Street life: Ridgewood finds return of Pedestrian Plaza having immediate impact on business

Food, fun, yoga — and, oh, yeah, maybe a little shopping, too.

As municipalities around the state search for creative ways to bring residents — and shoppers — into their downtowns, Ridgewood took a page out of its recent past last weekend when it reopened its Pedestrian Plaza along East Ridgewood Avenue.

The Pedestrian Plaza, which began in 2020 and was used again in 2021, returns after a one-year hiatus. Municipal officials said it will be used throughout the summer and into the fall, likely shutting down sometime in October.

A ribbon-cutting marked the return of the Pedestrian Plaza.

And, why not: It’s an ultimate win-win.

So said Mayor Paul Vagianos.

“We are so excited to bring back the Pedestrian Plaza,” he said. “The restaurants and shops will be outside along with live music, entertainers, rides for the kids and so much more. Come play with us in the street. It’s going to be a great summer.”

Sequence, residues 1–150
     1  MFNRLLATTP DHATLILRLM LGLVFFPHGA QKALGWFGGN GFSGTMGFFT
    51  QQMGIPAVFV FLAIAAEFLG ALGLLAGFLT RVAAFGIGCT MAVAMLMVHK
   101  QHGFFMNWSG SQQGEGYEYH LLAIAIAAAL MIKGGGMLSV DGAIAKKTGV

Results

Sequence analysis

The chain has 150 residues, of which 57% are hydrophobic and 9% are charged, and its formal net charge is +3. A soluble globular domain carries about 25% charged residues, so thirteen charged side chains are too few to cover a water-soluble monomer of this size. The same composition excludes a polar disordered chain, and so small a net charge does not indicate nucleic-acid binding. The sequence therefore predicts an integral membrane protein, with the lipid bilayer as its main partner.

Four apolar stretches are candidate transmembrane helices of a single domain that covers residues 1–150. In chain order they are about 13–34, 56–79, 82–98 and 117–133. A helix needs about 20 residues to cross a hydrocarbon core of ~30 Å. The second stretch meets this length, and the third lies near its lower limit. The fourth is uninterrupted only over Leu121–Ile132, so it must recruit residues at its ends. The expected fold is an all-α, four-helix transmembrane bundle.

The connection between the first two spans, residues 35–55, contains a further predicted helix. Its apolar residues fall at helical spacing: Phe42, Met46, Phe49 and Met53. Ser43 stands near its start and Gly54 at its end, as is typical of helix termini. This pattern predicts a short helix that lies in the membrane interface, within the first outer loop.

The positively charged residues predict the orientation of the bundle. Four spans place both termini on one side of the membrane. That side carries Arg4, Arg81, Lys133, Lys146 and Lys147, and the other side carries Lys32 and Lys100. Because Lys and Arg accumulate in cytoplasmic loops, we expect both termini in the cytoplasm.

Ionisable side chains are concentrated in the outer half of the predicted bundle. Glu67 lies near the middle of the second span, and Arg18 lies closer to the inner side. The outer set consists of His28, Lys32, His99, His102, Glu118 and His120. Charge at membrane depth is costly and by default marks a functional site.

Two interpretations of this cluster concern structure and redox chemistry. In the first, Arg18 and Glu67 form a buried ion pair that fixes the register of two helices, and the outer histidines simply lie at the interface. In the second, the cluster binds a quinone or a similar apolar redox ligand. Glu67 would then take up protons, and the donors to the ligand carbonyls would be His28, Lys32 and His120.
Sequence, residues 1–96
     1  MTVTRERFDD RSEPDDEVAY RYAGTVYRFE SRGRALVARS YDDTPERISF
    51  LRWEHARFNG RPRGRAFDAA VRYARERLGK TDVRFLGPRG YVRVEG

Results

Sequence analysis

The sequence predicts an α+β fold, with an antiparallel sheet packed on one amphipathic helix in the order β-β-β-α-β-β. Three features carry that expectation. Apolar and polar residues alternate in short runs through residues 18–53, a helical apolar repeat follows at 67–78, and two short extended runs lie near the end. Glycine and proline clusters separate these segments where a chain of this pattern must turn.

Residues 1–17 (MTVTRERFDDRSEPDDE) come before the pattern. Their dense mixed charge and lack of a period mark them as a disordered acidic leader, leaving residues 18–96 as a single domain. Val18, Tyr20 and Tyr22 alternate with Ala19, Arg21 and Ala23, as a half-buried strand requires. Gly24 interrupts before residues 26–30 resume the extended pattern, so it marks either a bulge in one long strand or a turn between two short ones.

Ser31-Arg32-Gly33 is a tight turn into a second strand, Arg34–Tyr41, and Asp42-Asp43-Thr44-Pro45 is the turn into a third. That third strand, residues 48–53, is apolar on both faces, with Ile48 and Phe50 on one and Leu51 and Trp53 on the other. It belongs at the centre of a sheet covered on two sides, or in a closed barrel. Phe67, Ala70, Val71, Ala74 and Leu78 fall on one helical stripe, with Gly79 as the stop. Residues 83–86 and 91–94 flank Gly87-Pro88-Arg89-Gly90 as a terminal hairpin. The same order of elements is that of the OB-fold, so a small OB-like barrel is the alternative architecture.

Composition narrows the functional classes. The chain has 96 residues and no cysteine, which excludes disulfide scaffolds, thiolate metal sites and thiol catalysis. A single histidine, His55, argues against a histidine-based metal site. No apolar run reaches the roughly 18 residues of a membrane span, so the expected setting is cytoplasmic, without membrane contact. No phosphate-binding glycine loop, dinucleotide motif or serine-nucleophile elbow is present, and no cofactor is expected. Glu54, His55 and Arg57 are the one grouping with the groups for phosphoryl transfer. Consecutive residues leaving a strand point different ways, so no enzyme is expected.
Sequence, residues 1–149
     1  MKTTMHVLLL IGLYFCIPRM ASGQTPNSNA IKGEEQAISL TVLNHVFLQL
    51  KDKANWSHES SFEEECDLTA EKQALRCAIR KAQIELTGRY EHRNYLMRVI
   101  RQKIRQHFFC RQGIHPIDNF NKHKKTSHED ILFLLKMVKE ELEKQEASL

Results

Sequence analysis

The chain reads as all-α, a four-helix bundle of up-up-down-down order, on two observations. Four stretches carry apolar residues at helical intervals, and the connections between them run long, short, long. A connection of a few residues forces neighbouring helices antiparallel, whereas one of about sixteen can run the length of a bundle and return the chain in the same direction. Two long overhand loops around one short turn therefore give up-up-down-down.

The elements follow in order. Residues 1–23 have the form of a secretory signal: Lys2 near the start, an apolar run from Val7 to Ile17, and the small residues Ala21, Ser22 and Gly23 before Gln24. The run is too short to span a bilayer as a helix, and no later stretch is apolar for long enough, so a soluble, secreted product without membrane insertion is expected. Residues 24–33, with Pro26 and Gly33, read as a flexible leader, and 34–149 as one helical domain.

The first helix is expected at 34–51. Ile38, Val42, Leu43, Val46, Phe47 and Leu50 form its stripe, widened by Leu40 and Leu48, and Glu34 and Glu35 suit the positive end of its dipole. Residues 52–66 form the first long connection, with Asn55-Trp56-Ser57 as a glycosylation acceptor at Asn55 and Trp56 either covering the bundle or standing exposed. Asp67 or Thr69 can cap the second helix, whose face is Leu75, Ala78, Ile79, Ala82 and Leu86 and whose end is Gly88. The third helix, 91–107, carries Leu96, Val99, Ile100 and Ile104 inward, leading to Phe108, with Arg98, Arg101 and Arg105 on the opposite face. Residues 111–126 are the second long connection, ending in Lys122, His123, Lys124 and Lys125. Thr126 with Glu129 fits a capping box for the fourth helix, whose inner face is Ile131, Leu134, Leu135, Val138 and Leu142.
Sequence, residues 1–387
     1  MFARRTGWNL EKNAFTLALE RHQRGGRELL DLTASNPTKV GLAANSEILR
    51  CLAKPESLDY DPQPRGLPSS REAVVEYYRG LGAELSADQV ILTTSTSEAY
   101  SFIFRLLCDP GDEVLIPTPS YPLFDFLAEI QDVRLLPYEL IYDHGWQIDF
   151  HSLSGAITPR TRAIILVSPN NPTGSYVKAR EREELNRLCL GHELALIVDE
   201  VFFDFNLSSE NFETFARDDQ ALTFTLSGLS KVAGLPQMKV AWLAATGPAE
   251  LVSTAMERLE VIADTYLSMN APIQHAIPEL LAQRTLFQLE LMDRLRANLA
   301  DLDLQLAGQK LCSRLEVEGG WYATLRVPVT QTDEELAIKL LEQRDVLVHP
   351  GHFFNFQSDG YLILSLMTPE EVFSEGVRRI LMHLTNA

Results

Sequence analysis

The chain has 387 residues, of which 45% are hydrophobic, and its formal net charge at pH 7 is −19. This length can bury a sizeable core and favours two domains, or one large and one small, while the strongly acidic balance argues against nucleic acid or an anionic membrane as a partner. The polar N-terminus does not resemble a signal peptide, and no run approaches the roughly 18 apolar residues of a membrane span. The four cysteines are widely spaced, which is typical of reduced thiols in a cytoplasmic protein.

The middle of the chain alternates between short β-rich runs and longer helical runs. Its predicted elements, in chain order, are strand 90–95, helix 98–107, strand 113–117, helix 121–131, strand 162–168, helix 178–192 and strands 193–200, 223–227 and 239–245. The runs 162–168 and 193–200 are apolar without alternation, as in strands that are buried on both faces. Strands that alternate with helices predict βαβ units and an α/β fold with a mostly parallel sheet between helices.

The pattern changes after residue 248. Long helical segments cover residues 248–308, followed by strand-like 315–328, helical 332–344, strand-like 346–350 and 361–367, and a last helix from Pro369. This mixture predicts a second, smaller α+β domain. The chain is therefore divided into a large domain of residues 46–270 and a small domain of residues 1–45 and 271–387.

Likely a more profitable one, too.

Funded through private donations from local businesses, the Pedestrian Plaza includes more than 100 participating organizations — groups that were eager bring the plaza back after they noticed a drop in year-to-year sales last summer, when the concept was not used.

Vagianos and town officials not only brought the idea back, they expanded and improved it by adding more events that would draw a wider audience.

The first weekend showed the diversity of activity the town is bringing to the plaza.

Programming started at 8 a.m. Saturday, with yoga in Van Neste Square. The afternoon featured a dance performance and live music from Viva Vallenato! Colombian Band. And, following the dinner hour, there was music in the park at Van Neste Square by the Jose Elias Project.

On Sunday, the morning started with yoga and meditation. Visitors had the opportunity to enjoy brunch and then return for an early evening jazz and pop performance by Chosen Circle.

This, in addition to retail stores and restaurants moving out onto the streets of the central business district.

Vagianos said the results were obvious.

With the roads closed and restaurants filled on Saturday evening, the Hudson Street garage was nearly at capacity, he said. Retailers not only reported increased sales compared to other weekends, but seating for dinner was limited across venues.

“In the Amazon economy, the Pedestrian Plaza is the only path forward for local merchants,” Vagianos said. “Our central business district is a hub for local families, and we can’t wait to showcase all it has to offer through October and beyond.”

The Pedestrian Plaza reopens this Saturday at 8 a.m.